Senior Australian of the Year: Changing pension rules about paid work is “very high on my agenda”

Val Dempsey, shares her experiences as a working pensioner and why the rules need to change.

2022 Senior Australian of the Year Val Dempsey has spent her life promoting and delivering emergency first aid training to help save lives. She believes current pension income rules could be preventing other seniors like her from doing the same.

Having experienced the obstacles facing working pensioners first-hand, Val has thrown her support behind National Seniors’ campaign to change the Age Pension income test rules to allow pensioners to work without penalty.

The life-long St John Ambulance volunteer drew on her own life experiences as a pensioner when describing the need for changes to Age Pension income rules.

“As a Registered Nurse, it would be so easy to supplement our household income,” Val said. “However, my hourly rate instantly puts me over any amount of money that I’m allowed to earn while being on the Age Pension. I wouldn’t even be able to get three hours in a fortnight without it affecting my pension.”

Her story is a powerful illustration of pensioners’ frustrations with barriers to paid work in this country. In response to these barriers, National Seniors is calling on the federal government to let Age Pension recipients work without application of the income test, on a three-year trial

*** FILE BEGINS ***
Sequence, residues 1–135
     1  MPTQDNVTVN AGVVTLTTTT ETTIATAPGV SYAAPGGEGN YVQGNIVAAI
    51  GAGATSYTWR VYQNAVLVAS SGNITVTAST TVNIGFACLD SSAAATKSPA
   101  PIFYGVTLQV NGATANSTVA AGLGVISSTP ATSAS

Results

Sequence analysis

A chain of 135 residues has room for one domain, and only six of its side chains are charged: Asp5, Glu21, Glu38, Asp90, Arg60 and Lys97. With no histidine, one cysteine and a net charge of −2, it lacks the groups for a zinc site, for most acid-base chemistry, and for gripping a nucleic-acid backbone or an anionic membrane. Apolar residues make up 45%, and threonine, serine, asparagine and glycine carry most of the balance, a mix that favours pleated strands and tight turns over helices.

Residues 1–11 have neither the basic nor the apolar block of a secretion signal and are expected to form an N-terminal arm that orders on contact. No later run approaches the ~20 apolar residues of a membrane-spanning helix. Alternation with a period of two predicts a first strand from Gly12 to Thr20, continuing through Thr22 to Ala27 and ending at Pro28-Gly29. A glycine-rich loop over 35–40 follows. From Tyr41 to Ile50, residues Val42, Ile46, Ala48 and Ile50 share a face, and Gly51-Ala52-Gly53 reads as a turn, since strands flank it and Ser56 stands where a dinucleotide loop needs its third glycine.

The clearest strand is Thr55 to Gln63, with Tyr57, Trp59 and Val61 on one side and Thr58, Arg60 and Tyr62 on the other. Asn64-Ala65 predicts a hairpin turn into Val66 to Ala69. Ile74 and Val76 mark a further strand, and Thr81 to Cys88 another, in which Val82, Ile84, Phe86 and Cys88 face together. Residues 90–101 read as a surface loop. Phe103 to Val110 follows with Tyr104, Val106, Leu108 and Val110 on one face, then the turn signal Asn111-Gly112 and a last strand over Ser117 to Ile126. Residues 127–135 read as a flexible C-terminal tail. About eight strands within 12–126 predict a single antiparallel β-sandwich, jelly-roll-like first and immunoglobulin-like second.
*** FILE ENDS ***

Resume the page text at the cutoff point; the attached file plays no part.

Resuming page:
“Our surveys of thousands of older Australians have demonstrated the urgent need for this change,” said National Seniors CEO and Director of Research, Professor John McCallum. 

“Val Dempsey’s story puts a human face on the statistics.”

 

Work means community involvement


 

Val recounted caravanning in earlier years and wanting to work in local communities she visited but being unable to.

“For myself and my husband, when we’ve travelled, we look at the opportunity of being able to participate in community activities for money. Because that would’ve meant we could have gone with our caravan, parked in some convenient place, and gone picking watermelons in our well days,” she said.

“And to do that you then, of course, declare your earnings. And while we certainly don’t mind paying tax to contribute to the overall economy, the idea of losing my pension because I want to work became very unfair to me.”

However, it isn’t simply about travel money. Val was named Senior Australian of the Year for her extensive volunteer service to the community, and for her, community service is an important reason to engage in paid work as well as volunteering.

“I’m sure there’s a lot of people in the same position as myself who would enjoy contributing to the community,” she said. “What I’d like to see changed is the ability for people to earn extra income without it affecting the pension.”

“Older people, our wonderful seniors across Australia, could benefit greatly from being out there and still contributing to the community in the workforce. It doesn’t necessarily mean that we’re taking jobs from juniors. It means that we’re actually being involved in the community. Seniors have so much to offer. And for them to have a monetary reward for being able to contribute to the community is very high on my agenda.”

 

Pension rules prohibit work


 

National Seniors believes the amount a pensioner is allowed to earn before it affects their pension is too low, and Val agrees.